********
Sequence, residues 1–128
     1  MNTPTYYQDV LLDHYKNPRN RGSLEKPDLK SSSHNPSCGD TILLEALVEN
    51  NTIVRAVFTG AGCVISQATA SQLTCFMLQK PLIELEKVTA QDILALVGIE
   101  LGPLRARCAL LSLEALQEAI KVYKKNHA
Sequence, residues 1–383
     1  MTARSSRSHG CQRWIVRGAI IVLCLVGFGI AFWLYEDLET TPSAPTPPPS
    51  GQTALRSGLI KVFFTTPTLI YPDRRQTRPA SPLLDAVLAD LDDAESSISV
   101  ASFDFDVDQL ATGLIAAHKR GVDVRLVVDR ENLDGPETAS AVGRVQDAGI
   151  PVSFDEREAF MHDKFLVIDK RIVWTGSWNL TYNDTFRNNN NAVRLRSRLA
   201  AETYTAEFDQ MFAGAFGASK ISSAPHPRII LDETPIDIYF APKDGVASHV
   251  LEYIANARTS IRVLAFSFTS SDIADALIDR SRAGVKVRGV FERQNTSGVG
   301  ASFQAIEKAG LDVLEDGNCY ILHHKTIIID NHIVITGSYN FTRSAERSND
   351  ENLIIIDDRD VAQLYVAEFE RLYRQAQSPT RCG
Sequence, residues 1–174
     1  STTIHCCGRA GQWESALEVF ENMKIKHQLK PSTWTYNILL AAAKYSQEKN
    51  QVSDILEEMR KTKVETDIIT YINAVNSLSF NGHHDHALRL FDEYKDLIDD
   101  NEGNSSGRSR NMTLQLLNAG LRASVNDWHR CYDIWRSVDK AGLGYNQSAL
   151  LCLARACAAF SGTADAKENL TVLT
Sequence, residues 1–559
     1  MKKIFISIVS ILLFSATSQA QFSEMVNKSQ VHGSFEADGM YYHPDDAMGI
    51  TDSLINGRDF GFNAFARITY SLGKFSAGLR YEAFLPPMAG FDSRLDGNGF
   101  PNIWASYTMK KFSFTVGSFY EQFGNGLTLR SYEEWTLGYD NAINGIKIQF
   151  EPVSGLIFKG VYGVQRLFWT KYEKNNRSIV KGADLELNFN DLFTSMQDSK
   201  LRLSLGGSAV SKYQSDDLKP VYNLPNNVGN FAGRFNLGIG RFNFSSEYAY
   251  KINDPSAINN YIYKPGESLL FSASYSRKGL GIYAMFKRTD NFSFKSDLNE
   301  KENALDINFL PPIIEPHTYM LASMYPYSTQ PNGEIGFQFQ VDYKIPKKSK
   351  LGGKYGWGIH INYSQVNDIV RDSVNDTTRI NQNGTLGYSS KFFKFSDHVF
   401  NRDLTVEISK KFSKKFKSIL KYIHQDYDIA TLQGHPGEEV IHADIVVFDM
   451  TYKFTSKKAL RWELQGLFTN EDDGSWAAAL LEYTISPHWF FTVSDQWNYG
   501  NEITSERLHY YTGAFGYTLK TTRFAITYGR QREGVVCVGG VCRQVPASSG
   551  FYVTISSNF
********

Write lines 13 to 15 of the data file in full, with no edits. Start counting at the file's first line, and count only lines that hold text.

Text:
   351  ENLIIIDDRD VAQLYVAEFE RLYRQAQSPT RCG
Sequence, residues 1–174
     1  STTIHCCGRA GQWESALEVF ENMKIKHQLK PSTWTYNILL AAAKYSQEKN